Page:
September 20, 2023
“UK CPI inflation sent the Pound falling this morning as strong disinflation took markets by surprise. The Bank of England decision tomorrow is now primed to be a much closer call, unlike the Federal Reserve’s much anticipated hold this evening.”
Tim Hallinan – Trading Director
US Treasury Secretary Janet Yellen expressed confidence in the potential for a “soft-landing” scenario for the US economy, even in the face of near-term risks such as a United Auto Workers strike, a looming government shutdown threat, the resumption of student loan payments, and potential fallout from China’s economic challenges. Yellen noted on Monday that she observes signs that the economy is continuing to make significant progress in curbing inflation while sustaining a robust labour market and strong consumer spending.
On Wednesday, Britain’s Home Secretary, Suella Braverman, emphasised the need for a pragmatic approach to achieving the goal of net-zero emissions, stating that the country cannot “save the planet by bankrupting the British people.” This statement comes ahead of a speech by Prime Minister Rishi Sunak, expected later in the week, in which he may announce the postponement or adjustment of certain government policies that support the long-term plan to achieve net-zero emissions by 2050. “We have to adopt a pragmatic approach, a proportionate approach and one that also serves our goals and we’re not going to save the planet by bankrupting the British people,” Suella told Times Radio.
Sterling plunged this morning as headline CPI inflation printed a significant downside surprise, rendering tomorrow’s Bank of England rate decision a closer one for markets. Consumer price rises fell to 6.7% in August from 6.8% in July, compared to a 7.0% economist forecast. According to the ONS, a drop in hotel prices and airfares drove the index lower alongside decelerating food prices, offsetting spikes in fuel prices and alcoholic taxes. The closely inspected core CPI also showed a sharp drop to 6.2% versus a 6.8% measure. The lower-than-expected inflation data has prompted markets to revise expectations of how high the BoE will elevate rates, with a pause tomorrow now at a market-priced probability of roughly 45%, up from 20%.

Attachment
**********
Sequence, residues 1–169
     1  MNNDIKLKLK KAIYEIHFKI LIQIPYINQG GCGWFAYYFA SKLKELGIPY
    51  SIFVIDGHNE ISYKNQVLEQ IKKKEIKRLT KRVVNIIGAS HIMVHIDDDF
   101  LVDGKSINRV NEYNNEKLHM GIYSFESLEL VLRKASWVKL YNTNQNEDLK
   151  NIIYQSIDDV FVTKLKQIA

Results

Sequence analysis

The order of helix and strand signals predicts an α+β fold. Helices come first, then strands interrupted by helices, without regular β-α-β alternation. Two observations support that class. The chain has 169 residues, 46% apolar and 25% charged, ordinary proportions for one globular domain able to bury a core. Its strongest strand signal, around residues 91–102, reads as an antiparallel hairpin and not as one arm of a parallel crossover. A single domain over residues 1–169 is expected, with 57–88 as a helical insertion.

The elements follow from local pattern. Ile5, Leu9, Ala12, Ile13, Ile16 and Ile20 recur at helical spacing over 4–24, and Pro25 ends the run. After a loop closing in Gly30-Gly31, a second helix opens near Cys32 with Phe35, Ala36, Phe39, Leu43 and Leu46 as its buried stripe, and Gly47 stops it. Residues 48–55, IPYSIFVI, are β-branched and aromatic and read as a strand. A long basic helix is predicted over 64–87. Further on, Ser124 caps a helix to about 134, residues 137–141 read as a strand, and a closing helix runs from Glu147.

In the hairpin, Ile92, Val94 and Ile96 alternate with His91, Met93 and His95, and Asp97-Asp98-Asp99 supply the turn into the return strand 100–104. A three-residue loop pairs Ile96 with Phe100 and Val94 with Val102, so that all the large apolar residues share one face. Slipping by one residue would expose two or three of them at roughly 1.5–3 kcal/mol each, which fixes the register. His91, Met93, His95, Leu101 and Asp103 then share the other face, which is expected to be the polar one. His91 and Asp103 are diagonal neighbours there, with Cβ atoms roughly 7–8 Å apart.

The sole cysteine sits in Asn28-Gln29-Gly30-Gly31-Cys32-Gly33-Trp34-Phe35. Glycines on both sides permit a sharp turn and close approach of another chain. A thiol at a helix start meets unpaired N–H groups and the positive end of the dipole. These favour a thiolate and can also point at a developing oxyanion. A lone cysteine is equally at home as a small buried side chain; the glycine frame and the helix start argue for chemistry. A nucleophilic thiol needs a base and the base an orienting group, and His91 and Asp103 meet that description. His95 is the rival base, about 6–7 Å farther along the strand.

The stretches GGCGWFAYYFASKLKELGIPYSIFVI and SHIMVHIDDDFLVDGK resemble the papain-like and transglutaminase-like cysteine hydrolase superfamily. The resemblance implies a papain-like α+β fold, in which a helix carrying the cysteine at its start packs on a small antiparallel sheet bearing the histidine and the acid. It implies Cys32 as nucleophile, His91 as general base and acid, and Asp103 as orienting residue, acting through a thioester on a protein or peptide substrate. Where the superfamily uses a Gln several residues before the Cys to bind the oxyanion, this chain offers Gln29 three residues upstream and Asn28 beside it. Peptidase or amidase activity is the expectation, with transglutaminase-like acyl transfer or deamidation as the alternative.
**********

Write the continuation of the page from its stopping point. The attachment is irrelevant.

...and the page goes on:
The Euro continues its range-bound trading versus the Dollar, as a macro diary drought leaves other central bank decisions firmly poised to take the driving seat. The common currency won gains derived from the Sterling slide this morning and can be expected to shift with the Fed and BoE decisions, until the only crucial Eurozone data points of the week arrive with the PMIs on Friday.
The Dollar remains firm against most major currencies as US bond yields stand near decade highs, with soaring oil prices stoking inflation fears. The market has fully entrenched the ‘higher-for-longer’ narrative in its pricing, and more clues can be expected to be released this evening when investors comb through potential revisions to the 2024 dot plots, which indicate the FOMC members’ expectations for the future evolution of interest rates. A hawkish hold remains the most likely outcome, where the door should remain open for a flexible hike and pushback can be expected against rate cut expectations. The Canadian Dollar enjoyed a short rally against the Dollar yesterday, as surging oil prices and higher-than-expected Canadian inflation buoyed the exporter currency.
Stocks faced difficulties in gaining on Wednesday, with U.S. yields remaining near the highest levels in a decade, primarily due to rising oil prices. Although Brent crude futures experienced a 1% decline during the Asian session and retreated from their 10-month highs, they still stood at $93.52 per barrel, representing a 30% increase over the past three months, supported by output reductions from Saudi Arabia and Russia. The STOXX 600 European oil and gas index reached its highest level since mid-February, marking a gain of approximately 13.5% over the last two months.
Main Economic Data/Central Banks/Government (All Times CET)
10:00 a.m.: South Africa Aug. CPI
11:00 a.m.: Sweden sells bills
12:00 p.m.: EU sells bills
2:30 p.m.: ECB’s Elderson speaks
8:00 p.m.: Fed Rate Decision
8:30 p.m.: Fed’s Powell speaks
Earnings include Baloise Holding, M&G, FedEx, General Mills